Chapter XX The New Home in Lexington
Numerous guests--Further sojourns at different Baths--Death of the General's brother, Smith Lee--Visits to "Ravensworth" and "The White House"--Meetings with interesting people at White Sulphur Springs-- Death of Professor Preston
On my father's return to Lexington the new house was ready. It adjoined the one he had been occupying, so the distance was not great and the transfer was easily accomplished. It was much larger and more comfortable than the one given up. My mother's room was on the first floor and opened out on the veranda, extending three sides of the house, where she could she could be rolled in her chair. This she enjoyed intensely, for she was very fond of the open air, and one could see her there every bright day, with Mrs. "Ruffner," a much petted cat, sitting on her shoulder or cradled in her lap. My father's favourite seat was in a deep window of the dining-room, from which his eyes could rest on rolling fields of grass and grain, bounded by the ever-changing mountains. After his early and simple dinner, he usually took a nap of a few minutes, sitting upright in his chair, his hand held and rubbed by one of his daughters. There was a new stable, warm and sunny, for Traveller and his companion, "Lucy Long," a cow-house, wood-shed, garden, and yard, all planned, laid out, and built by my father. The increased room enabled him to invite a great number to visit him, and this summer the house was full.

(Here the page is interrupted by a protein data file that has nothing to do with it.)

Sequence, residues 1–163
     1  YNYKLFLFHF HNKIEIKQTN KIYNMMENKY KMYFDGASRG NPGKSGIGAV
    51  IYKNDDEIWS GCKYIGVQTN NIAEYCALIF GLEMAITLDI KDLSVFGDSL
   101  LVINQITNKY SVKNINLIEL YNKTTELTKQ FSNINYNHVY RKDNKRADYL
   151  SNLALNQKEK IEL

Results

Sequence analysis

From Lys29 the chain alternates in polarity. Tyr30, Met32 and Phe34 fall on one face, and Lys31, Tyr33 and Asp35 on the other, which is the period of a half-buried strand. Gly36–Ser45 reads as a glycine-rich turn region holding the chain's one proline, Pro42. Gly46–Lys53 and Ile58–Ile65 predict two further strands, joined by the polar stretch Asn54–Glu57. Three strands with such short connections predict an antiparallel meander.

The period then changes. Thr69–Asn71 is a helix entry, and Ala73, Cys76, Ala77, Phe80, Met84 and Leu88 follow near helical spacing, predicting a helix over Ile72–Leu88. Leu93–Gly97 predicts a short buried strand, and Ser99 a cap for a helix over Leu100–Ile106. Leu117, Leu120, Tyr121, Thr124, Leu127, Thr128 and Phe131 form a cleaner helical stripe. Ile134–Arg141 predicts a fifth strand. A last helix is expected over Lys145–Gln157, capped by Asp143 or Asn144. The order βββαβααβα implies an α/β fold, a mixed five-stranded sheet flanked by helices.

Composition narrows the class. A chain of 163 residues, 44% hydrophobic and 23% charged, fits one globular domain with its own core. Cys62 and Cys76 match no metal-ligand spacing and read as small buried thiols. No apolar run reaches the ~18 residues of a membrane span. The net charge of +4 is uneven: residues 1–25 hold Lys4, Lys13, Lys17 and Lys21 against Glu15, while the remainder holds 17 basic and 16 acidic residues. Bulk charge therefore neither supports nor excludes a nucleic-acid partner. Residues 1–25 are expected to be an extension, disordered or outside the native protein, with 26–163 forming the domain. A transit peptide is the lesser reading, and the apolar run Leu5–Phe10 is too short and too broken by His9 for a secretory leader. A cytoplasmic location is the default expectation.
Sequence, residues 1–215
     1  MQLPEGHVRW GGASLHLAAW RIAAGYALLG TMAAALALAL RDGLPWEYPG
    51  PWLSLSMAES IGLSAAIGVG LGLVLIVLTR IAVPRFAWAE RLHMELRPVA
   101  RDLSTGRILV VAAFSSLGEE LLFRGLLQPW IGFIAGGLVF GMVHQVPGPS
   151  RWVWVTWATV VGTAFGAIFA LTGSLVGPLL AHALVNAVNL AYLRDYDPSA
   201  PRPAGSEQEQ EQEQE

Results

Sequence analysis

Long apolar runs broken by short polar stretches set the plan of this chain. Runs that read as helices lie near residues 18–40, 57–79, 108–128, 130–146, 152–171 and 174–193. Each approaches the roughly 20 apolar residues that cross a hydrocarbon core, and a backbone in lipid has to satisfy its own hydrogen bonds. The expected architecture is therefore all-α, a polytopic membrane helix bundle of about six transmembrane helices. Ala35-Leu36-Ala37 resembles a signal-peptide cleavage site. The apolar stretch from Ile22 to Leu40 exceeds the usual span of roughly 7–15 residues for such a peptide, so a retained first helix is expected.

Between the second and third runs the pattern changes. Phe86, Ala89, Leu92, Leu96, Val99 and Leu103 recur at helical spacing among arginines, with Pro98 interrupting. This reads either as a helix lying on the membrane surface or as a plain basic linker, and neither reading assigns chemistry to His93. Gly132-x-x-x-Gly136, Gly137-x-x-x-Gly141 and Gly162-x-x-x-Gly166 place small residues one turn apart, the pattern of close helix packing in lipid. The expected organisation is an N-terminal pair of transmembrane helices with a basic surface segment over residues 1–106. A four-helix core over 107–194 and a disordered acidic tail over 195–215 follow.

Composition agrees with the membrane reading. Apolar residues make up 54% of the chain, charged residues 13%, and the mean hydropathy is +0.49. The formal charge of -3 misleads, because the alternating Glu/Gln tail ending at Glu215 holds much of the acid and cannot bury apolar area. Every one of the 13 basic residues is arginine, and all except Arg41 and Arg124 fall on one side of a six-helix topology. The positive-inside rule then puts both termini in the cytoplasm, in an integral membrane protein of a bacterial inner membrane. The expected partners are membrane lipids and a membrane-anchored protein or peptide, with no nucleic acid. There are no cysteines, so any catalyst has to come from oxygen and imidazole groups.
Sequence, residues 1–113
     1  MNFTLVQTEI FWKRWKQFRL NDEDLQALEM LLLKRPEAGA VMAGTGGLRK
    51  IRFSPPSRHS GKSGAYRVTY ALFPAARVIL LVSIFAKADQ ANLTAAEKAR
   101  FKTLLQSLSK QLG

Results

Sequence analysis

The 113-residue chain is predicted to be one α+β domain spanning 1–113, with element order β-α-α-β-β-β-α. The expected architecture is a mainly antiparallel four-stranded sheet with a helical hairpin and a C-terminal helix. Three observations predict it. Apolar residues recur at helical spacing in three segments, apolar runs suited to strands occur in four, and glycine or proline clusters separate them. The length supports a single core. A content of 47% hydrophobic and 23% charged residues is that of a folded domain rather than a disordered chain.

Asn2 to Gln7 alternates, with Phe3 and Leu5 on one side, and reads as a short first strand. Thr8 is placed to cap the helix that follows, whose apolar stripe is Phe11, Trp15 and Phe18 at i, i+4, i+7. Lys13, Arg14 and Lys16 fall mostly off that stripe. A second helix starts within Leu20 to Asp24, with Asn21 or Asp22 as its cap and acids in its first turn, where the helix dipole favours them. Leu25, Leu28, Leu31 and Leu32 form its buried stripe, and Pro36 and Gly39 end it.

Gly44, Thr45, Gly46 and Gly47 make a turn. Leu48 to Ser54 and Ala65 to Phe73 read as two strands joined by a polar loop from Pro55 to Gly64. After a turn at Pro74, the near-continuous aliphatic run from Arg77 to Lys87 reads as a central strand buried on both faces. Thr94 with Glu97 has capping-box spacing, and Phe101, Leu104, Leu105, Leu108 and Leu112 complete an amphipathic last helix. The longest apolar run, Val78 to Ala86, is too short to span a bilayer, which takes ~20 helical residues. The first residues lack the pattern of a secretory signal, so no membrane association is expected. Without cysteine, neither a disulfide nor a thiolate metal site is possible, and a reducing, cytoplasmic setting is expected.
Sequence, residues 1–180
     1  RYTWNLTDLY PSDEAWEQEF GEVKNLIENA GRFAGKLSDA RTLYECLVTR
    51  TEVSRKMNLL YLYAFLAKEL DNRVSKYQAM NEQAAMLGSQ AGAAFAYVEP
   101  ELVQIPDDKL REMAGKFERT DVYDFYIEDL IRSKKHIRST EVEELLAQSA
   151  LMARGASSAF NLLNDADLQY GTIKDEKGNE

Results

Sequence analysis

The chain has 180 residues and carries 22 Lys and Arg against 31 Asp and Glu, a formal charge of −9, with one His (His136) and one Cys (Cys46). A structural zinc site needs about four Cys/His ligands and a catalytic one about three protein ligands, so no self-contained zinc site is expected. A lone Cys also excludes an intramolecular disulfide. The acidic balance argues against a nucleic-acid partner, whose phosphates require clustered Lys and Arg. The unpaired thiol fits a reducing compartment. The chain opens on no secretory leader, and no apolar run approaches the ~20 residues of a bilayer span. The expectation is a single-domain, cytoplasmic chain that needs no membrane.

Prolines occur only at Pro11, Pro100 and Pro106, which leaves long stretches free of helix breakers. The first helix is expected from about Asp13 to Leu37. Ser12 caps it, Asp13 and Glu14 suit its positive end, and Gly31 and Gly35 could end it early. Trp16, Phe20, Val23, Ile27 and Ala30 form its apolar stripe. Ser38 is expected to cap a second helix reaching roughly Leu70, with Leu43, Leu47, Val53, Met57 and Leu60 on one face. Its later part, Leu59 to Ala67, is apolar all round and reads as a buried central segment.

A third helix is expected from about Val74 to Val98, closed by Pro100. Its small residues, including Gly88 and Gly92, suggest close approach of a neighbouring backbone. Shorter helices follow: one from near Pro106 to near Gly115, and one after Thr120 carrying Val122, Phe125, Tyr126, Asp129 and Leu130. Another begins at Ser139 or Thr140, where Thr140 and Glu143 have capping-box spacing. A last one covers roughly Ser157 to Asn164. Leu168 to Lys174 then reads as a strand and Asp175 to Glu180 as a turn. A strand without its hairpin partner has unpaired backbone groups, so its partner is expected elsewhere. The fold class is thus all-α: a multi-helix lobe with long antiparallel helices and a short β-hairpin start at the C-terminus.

In answer to a letter from me on business, which reached him during commencement week, he writes:
"Lexington, Viriginia, June 19, 1869.
"My Dear Son: I have just receive your letter of the 10th, and have only time for a word.... I hope all things are going well with you both. With the improvement of your farm, proceeds will increase, and, with experience, judgment, and economy, will augment greatly. You will have to get married if you wish to prosper, and must therefore make arrangements to build your house this fall. If I live through this coming week, I wish to pay you and F--- a visit the week following, about July 1st. I am trying to persuade Custis to accompany me, but he has not yet responded. I am very much occupied with examinations, visitors, arrangements, etc.
"All are well, and would send love if accessible. Mildred is full of housekeeping and dresses, and the house is full of young ladies--Misses Jones, Albert, Burwell, Fairfax, and Wickham; others in expectation. Good-bye,
Ten days later, he writes to his son, Fitzhugh, giving up his proposed visit to him at this time, expressing his regrets at the necessity, and telling his reasons for so doing: